Keystone species have large impacts on community and ecosystem properties, and create important ecological interactions with other species. Prairie dogs (Cynomys spp.) and banner-tailed kangaroo rats (Dipodomys spectabilis) are considered keystone species of grassland ecosystems, and create a mosaic of unique habitats on the landscape. These habitats are known to attract a number of animal species, but little is known about how they affect lizard communities. Our research evaluated the keystone roles of prairie dogs and kangaroo rats on lizards at the Sevilleta National Wildlife Refuge in central New Mexico, USA. We evaluated the impacts of these rodents on lizard communities in areas where prairie dogs and kangaroo rats co-occurred compared to areas where each rodent species occurred alone. Our results demonstrate that prairie dogs and kangaroo rats have keystone-level impacts on these lizard communities. Their burrow systems provided important habitats for multiple lizard species, especially the lesser earless lizard (Holbrookia maculata). At the landscape-scale, the total number of lizards was two-times greater on the where both prairie dogs and banner-tailed kangaroo rats co-occurred than where only kangaroo rats occurred.
The landscape-scale plots were 180 m x 180 m. Lizards were visually sampled along strip transect lines established along each gridline of the landscape-scale plots, using a 5 x 5 grid array. Strip transects on the landscape-scale plots measured 1 m x 30 m.
Methods & Experimental Design
Landscape-scale plots: We compared lizards on plots occupied by: 1) both species (Pdog+Krat plot); 2) only kangaroo rats (Krat plot); and 3) both species, but where prairie dogs inhabited one half of the plot and kangaroo rats inhabited the other half (Transition plot).Field Methods
Lizards were sampled by walking slowly along each transect, and individuals were counted and identified to species. Lizards were always sampled in the morning between 9:00 - 11:00 am. Lizards were sampled throught the springand summer from spring 2000 through late summer 2002.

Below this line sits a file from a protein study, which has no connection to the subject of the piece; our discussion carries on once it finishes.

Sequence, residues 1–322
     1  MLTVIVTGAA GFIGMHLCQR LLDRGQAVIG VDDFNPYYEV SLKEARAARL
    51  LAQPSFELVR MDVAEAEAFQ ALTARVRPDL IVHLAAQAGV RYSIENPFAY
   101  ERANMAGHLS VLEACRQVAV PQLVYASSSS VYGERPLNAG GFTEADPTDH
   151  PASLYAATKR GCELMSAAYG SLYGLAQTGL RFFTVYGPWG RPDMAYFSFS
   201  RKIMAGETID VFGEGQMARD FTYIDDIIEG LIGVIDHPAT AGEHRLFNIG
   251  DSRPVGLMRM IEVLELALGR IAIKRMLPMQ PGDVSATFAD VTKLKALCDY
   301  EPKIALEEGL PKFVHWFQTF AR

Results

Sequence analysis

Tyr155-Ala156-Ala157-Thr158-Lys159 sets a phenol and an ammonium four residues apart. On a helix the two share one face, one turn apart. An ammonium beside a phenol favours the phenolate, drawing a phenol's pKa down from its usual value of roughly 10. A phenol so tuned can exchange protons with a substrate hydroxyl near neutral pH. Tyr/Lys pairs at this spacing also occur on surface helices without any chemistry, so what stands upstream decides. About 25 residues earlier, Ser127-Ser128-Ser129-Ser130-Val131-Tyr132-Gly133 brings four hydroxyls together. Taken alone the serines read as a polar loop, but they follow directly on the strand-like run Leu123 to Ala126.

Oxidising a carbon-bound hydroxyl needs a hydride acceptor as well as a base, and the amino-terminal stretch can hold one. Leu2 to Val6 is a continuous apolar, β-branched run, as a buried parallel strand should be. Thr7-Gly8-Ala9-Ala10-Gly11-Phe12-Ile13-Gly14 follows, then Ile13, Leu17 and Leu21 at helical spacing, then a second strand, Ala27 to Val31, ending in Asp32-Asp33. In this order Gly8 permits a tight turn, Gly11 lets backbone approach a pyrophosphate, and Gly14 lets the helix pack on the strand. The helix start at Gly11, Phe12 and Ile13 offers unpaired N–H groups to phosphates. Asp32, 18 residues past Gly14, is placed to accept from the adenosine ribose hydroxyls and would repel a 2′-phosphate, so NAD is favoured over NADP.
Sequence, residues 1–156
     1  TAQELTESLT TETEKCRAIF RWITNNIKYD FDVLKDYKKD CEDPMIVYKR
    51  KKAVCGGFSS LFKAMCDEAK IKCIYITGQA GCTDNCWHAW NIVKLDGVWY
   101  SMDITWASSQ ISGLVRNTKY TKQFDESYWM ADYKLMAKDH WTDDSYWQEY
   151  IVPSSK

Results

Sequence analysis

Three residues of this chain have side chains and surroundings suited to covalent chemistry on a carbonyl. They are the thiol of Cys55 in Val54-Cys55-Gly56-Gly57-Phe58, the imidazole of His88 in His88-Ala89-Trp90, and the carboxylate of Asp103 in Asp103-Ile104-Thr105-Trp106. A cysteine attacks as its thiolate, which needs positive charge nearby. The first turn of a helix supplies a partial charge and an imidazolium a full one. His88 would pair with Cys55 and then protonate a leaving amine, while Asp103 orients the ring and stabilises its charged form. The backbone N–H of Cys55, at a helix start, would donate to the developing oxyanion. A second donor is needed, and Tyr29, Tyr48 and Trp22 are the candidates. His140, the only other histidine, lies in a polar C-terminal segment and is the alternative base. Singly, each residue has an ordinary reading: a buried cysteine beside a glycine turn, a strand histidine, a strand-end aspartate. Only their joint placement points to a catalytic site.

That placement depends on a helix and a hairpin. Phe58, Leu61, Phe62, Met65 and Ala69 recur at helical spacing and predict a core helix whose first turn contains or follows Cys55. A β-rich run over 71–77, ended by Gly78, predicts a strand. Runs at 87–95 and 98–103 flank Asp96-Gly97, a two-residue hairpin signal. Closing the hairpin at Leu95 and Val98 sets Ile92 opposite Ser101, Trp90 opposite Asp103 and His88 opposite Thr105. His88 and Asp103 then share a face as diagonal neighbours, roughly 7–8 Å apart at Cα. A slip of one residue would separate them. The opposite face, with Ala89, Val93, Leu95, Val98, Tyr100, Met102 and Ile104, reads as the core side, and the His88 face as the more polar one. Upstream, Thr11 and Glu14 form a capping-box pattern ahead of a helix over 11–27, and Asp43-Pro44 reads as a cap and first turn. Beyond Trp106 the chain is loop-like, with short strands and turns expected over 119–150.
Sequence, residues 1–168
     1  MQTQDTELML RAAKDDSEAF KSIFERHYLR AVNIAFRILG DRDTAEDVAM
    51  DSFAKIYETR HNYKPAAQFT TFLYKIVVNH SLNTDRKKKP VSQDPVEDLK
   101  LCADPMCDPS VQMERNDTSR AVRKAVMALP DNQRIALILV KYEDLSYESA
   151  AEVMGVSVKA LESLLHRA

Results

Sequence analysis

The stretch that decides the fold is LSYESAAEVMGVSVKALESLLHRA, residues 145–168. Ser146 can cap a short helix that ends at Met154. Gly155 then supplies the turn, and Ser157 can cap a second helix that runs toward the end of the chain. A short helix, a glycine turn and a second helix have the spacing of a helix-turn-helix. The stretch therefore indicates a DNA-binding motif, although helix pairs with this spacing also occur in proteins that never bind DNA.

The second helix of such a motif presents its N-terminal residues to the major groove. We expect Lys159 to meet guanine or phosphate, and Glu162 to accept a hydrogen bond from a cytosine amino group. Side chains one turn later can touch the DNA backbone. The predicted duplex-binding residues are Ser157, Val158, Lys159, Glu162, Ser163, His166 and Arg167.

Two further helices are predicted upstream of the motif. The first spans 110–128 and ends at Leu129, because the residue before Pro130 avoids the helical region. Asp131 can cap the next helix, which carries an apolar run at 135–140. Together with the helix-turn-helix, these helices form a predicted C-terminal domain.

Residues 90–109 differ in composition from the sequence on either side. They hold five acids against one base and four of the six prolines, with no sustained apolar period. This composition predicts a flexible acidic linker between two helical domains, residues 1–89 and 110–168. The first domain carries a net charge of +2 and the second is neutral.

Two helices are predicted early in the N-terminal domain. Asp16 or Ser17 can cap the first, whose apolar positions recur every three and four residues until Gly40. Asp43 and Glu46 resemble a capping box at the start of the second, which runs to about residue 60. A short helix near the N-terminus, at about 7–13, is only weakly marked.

These metadata were obtained from Ana Davidson in a Word File. The data are in an Excel file that accompanies the metadata. -- KLV 1/31/2006
Additional Information on the personnel associated with the Data Collection / Data Processing
Field Crew Member: Julie McIntyre
Additional Study Area Information
Study Area Name: Pino Gate
Study Area Location: The study site was located near the base of the Los Pinos mountains and directly adjacent to the nothern fencline of the SNWR at Pino Gate
Elevation: 1600 m
Vegetation: Burrograss (Scleropogon brevifolius), sand dropseed (Sporobolus ryptandrus), and black grama (Bouteloua eriopoda) were the dominant vegetation.
Soils: Deep clayey loam soils
Geology: On an upper bajada slope, in a broad swale
Climate: Long-term mean annual precipitation is 243 mm, about 60% of which occurs during the summer. Long-term mean monthly temperatures for January and July are 1.5°C and 25.1°C, respectively.
Site history: Historically, prairie dogs were common throughout the area, but were exterminated by the early 1970’s (John Ford, United States Department of Agriculture Wildlife Services, personal communication). Gunnison’s prairie dogs began to re-colonize the study site from adjacent private land in 1998. During our study, the colony occurred within a 5 ha area, near the base of the Los Piños Mountains in an area with deep clayey loam soils. The site has been long inhabited by kangaroo rats, and represents typical northern Chihuahuan Desert grassland.
North Coordinate:34.406954South Coordinate:34.406954East Coordinate:106.606269West Coordinate:106.606269